Writing Style Guide

Thanks for your interest in writing for The Ninth World! We really appreciate the time you’re taking to contribute to the site, and we want to help make sure the content you make is the best it can possibly be. To that end, we’ve put together this brief style guide that will help us maintain consistency across writers, and will help you write content that’s ideal for web presentation.

This guide is by no means exhaustive, and is just meant to give you some helpful hints for common issues or questions. If you have any specific things that you’d like answers to, I encourage you to reach out and ask any time, and I’ll be glad to offer assistance.


Your voice is your own, I’m not going to tell you how to sound. In fact, I’d prefer that your writing bring across as much personality as you’d like it to. My only caveat is that your audience will be your judge and jury, so keep that in mind as you write, since they may ultimately be far less forgiving if you have an antagonistic or condescending voice.

Spelling and Grammar

Always have someone else proofread your work. Our brains are hard-wired to miss simple mistakes in writing, and even more so when it’s something we’ve been looking at for a while. It’s important to have someone else review writing before publishing it. I am usually available, if you have no one else. Otherwise, also make sure to mind your spelling, punctuation, and general grammar. I have no interest in setting and enforcing usage of a specific style guide like AP, Chicago, or APA for that matter. Just keep it readable. If I read your article and find mistakes after it’s gone live, I’ll likely correct the issues without asking.

For non-article related submissions, we’ll usually handle editing automatically before posting it, but you can still have someone proof it before you send it in.

Also, for non-American English users (e.g. United Kingdom, Australia, etc.), don’t feel obliged to change your normal spellings to “Americanize” them. I’ll leave your spelling alone in most cases. Just be sure to do your own due diligence on your spelling as I might skip a mistake thinking it’s right for your locale.

Special Cases

There are a handful of cases where we’d like to try and keep things standardized in the way we refer to items, be it spelling or syntax. In most cases, this is simply to maintain the pattern used by the canon source material. Those are:

Numenera vs. numenera
The former is used when referring to the game itself, the latter is used when referring to the collective of cyphers, artifacts, and oddities in-world. In both cases, there is no accent on the second ‘e.’
Dice references
When referring to a dice roll, always refer to it in the pattern of ##d##: e.g. 2d6, 3d10, 1d20. The ‘d’ is lowercase, and the initial die multiplier is specified when it’s just one (1d6 vs d6).
Depletion notation
When specifying an artifact’s depletion chances, it should be in the format of ## in ##d## (##%): e.g. 5 in 1d20 (%20). This adheres to the die reference notation mentioned above. The main difference is the addition of the percentage value for reasons of convenience, for folks that would prefer simply sticking to a straight 1d100 roll for items. Round any fraction percentage up.


This is the big one to pay attention to, both for page semantics and formatting. If you’re unfamiliar with HTML, that’s okay, just be sure to let me know. In many cases, if these conventions aren’t followed, or are followed improperly, we will correct it prior to posting the content on the site.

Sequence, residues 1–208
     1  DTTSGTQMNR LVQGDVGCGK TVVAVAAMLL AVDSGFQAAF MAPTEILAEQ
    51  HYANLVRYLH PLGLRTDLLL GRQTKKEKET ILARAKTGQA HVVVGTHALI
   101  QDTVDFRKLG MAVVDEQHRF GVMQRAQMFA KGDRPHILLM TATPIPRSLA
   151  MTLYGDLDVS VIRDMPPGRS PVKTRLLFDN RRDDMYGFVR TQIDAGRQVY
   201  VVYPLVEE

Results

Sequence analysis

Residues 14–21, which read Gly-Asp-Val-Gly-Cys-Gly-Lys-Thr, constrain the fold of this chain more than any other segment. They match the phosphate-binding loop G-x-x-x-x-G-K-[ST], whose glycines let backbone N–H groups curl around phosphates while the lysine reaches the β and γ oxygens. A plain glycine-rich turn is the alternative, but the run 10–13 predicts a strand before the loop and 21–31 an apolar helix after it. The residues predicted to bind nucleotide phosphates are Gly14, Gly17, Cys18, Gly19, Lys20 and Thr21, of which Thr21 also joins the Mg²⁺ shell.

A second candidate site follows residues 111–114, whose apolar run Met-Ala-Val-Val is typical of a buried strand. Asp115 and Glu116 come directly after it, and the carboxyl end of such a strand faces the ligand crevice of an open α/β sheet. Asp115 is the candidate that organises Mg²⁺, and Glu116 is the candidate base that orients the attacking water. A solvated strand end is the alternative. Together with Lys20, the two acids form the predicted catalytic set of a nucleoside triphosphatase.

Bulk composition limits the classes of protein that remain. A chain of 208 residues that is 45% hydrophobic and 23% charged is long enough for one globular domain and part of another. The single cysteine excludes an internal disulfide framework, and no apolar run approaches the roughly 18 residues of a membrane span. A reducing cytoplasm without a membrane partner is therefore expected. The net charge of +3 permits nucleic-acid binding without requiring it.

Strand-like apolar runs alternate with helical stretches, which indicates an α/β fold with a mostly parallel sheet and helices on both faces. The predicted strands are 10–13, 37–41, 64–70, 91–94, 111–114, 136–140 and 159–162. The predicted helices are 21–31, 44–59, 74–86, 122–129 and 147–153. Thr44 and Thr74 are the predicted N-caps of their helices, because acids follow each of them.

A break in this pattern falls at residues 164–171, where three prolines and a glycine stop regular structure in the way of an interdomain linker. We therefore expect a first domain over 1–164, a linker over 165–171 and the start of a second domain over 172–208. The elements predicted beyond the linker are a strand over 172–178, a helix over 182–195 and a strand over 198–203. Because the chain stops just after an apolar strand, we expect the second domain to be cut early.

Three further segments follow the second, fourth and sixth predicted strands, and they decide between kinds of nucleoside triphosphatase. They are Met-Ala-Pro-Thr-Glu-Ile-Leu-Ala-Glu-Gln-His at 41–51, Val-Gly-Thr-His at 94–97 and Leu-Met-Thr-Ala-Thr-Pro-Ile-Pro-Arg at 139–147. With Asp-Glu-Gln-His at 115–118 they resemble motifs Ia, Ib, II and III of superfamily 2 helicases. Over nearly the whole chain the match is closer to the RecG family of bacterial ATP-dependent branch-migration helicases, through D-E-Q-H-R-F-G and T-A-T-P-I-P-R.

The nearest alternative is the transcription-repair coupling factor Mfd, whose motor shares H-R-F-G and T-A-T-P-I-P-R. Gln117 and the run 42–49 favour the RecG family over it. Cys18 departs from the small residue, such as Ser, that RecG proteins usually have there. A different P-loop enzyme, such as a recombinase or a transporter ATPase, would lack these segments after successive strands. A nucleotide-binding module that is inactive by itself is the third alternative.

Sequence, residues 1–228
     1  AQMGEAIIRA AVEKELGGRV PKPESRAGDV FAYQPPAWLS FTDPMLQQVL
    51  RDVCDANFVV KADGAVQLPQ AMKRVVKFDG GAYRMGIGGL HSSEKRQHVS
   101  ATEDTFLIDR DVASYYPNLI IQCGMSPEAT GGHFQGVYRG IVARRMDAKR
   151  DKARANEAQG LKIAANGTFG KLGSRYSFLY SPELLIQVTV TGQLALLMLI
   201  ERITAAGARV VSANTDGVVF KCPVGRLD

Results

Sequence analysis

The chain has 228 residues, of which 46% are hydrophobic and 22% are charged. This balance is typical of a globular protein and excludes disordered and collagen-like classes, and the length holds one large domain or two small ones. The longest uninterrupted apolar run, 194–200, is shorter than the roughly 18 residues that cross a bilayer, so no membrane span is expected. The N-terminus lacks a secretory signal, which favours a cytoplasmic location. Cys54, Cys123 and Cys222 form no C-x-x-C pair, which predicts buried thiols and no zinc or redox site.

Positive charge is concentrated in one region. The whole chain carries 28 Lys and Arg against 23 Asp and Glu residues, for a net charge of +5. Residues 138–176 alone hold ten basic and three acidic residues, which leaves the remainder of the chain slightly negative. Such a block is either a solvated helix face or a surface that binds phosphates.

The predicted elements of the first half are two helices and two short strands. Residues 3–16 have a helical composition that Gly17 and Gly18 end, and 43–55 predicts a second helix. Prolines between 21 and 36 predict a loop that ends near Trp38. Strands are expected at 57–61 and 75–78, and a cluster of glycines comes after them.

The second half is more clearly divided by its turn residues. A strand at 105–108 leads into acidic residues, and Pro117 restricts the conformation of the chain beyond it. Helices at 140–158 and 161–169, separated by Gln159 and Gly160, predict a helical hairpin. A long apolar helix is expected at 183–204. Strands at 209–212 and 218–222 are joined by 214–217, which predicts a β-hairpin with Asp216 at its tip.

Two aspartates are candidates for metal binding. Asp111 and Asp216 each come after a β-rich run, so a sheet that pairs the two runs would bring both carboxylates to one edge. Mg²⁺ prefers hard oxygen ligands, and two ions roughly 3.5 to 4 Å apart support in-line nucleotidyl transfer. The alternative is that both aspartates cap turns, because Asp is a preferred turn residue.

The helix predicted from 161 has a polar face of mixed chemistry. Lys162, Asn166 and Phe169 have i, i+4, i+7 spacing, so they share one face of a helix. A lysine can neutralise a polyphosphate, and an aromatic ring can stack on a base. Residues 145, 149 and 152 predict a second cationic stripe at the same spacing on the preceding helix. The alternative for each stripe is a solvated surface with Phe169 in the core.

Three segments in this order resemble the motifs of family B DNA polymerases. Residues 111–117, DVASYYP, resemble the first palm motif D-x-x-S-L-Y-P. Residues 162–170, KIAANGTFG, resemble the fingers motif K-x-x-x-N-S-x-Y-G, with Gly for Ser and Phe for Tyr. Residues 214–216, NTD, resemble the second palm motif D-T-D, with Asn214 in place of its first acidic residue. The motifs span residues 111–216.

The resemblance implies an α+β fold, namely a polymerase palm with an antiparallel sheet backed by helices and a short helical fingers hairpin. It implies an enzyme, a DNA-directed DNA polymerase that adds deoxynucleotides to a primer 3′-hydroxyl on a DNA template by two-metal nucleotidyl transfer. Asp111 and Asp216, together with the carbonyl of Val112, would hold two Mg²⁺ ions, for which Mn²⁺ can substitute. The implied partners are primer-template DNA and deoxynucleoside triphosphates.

• Follow a header structure if your article is broken down into sections, starting with <h2> (<h1> is reserved for the article title itself) and continuing down to <h6>, if needed.
  • <p> tags aren’t needed, as WordPress enters them automatically. Generally, you’ll want to remove stuff from your article like <p class="ltr"> and the like, which can get inserted if copying and pasting from a word processor.
  • Make sure abbreviations are marked up. Don’t assume readers know what XP, PCs, NPCs, and things like that are. The first time you use them in the page, mark it up like <abbr title="non-playing character">NPC</abbr>s. That gives folks a reference, makes it better for blind readers, and improves the search engine optimization for the page.
  • Most standard markup applies as normal, such as <strong>, <em>, <ul>, <ol>, <blockquote>, etc.


In some cases, you might want to include special interactions, formatting, etc. to a piece of content to make sure that certain elements are as powerful as possible, in those cases, we offer the following shortcodes.


This shortcode is used to mark an item that has information a user might want to cross-reference from a publication. It has two possible usage formats. You must always pass a “page” attribute in the shortcode. You can also include a “book” attribute to specify the book name to be displayed. If it is left out, it will default to “Corebook” as the output.

Usage Examples

[bookreference page="198"]Drit Sifters[/bookreference]Drit Sifters
[bookreference book="The Devil's Spine" page="6"]Uxphon[/bookreference]Uxphon

Style Classes

For folks familiar with HTML and styling, several CSS classes are available for different elements to make sure your content matches the formatting on the site.

Apply it to a <dl> when creating something like a list of descriptor qualities or list of thing->results
Apply it to a <span> to create a highlighted line of GM Intrusion text
Similar to .intrusion, but applied to a <div> or <aside> to produce a right-floated GM intrusion block of text
Apply it to a <table> when creating a table of effects for die roll results
Other Notes
While I won’t list them all out here, the site uses Foundation 5 under the covers. As a result, all the utility classes in it are available as well, such as .right, .text-center, etc.